I believe that there can be seen a progressive deepening of depression throughout Hopkins’ so-called terrible sonnets. The poems I intend to look at will show this, starting with “To seem the Stranger lies my Lot”, “I wake and Feel the Fell of Dark”, “Carrion Comfort”, “No Worst, there is None”, and finally “My own Heart let me more have Pity on”. The first of the above poems shows the beginning of Hopkins’ descent into depression. This is followed by “I wake and Feel …”, illustrating Hopkins descending further into depression. The depths to which Hopkins sank are shown in “Carrion Comfort” and in “No Worst, there is None”. Following this, “My own Heart …” represents the beginnings of an ascent out of depression, and into a more stable frame of mind. Although the order of the poems are set by the editors of various collections, I think that the above order is the order in which they were written, based on their content.
The symptoms of the early stages of depression, that of paranoia, listlessness and feelings of isolation are recounted in ‘To seem the Stranger lies my Lot’. Although in some cases, these feelings tend to be a result of mental imbalance, and have little or no relationship with external reality, in Hopkins’ case it would seem that his feelings of isolation are in some senses valid. Following Hopkins’ decision to become a Catholic, he came to be rejected by his family. This then would explain his bitterness:
Father and Mother dear,
Brothers and sisters are in Christ not near
And he my peace my parting, sword and strife.
To seem the Stranger lies my Lot, lines 2-4
This bitterness he feels about the gulf that now exists between himself and his family is expressed in the irony of Christ being both the bringer of peace, and the cause of the “sword and strife”. The paranoia common to the early stages of depression is also expressed:
Only what word
Wisest my heart breeds dark heaven’s baffling ban
Bars or hell’s spell thwarts.
To seem the Stranger lies my Lot, lines 11-13
The alliteration both of the repeated ‘b’ and ‘ell’ sounds show frustration at his being not allowed to write his poetry. He transfers the decision of his Jesuit superiors to “ban” his poetry to being one of God himself.
The Ultimate Fulfillment in Man’s Fate by Andre Malraux
The Ultimate Fulfillment in Man’s Fate
In Man’s Fate, Andre Malraux examines the compelling forces that lead individuals to join a greater cause. Forced into a life of contempt, Ch’en portrays the man of action in the early phases of the Chinese Revolution. He dedicates himself to the communist cause. It is something greater than himself, a phenomenal concept that he has fused into. It is something for which he will give his life. How did this devotion come about? A combination of his personality, his interior life, as well as society’s influence, molded him into a terrorist. Ch’en is self-destructive; he is controlled by his religion of terrorism and his fascination with death. He is representative of the dedicated soldier who begins as a “sacrificial priest” (4) and ends as a martyr. After all, the ideologies of communism and terrorism were practically a religion to those involved in the revolution.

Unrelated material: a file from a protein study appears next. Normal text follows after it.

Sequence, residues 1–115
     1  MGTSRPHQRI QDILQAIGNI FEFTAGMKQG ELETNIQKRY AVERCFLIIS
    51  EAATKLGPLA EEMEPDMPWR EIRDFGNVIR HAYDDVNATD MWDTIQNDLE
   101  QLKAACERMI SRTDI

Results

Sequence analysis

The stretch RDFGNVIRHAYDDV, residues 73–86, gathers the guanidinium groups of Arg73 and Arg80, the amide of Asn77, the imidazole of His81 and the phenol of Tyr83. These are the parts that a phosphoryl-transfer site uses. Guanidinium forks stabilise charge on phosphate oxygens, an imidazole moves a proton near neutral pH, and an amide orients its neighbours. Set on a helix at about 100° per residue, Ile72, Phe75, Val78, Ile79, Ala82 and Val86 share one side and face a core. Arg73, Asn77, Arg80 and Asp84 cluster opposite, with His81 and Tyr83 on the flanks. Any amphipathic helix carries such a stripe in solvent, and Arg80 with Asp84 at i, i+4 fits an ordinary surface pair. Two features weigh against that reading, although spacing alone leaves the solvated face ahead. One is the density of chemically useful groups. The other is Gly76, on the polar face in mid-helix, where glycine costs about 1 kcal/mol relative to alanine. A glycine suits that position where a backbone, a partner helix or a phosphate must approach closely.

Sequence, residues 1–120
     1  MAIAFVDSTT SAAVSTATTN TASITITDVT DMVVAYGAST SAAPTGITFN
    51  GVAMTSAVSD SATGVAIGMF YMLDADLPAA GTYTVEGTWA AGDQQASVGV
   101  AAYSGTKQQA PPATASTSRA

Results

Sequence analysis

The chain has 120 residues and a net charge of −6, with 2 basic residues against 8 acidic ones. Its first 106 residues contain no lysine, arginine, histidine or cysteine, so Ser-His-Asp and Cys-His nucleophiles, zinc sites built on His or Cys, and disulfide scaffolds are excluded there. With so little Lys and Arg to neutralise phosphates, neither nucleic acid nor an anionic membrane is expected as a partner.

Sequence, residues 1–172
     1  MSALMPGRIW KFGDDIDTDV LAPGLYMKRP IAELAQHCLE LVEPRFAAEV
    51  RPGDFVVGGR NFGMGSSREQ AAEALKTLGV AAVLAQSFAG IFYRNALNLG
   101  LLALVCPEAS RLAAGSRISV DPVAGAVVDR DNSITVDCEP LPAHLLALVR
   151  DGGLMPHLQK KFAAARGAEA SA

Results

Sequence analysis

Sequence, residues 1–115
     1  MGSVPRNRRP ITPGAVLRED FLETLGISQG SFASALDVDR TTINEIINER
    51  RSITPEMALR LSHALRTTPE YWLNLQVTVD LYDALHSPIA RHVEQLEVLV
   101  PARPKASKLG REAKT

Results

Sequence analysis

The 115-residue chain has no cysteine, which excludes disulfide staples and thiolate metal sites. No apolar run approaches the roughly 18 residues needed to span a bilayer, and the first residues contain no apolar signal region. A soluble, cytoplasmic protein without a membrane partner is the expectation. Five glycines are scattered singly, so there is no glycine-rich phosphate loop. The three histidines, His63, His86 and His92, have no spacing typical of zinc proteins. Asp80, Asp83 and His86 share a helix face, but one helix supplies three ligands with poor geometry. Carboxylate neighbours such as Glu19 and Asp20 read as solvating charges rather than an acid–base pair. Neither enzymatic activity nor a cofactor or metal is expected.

An examination of Ch’en’s past gives us an idea of how he formed his beliefs, and fell into a state of isolation. At an early age, his parents were murdered in the pillage of Kalagan. In addition, at age twenty-four, his uncle was taken hostage and killed because he couldn’t afford the ransom, and with no wife or children he was severed from any attachment to a family. He was practically brought up by pastor Smithson, representative of the thousands of Christians that were present in Shanghai, who gave him his Christian education. However, “[a]s he was devoid of charity, a religious calling could lead him only to contemplation or the inner life; but he hated contemplation and would only have dreamt of an apostleship, for which precisely his absence of charity disqualified him” (64). Thus, he was u…
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…reams which take possession of us because we give them force, but which we can just as easily deny” (180). This is further reinforced by Ch’en’s idea that “In the last hour I have felt nothing of what used to weigh on me” (192). Ch’en is the terrorist for the insurrection. His faith had isolated himself from the world instead of submitting to it. We have a personal need for connection, Ch’en is isolated until the end, when all differences are subsumed. Communism gives a sense of escaping isolation. For under this ideology there is a personal connection and a feeling of equality. It is the ultimate fulfillment to live his idea, and more importantly to die for his cause – a cause that is much greater than the individual. In the end Ch’en becomes the bomb.
Malraux, Andre. Man’s Fate: La Condition Humaine. New York: Vintage Books. 1990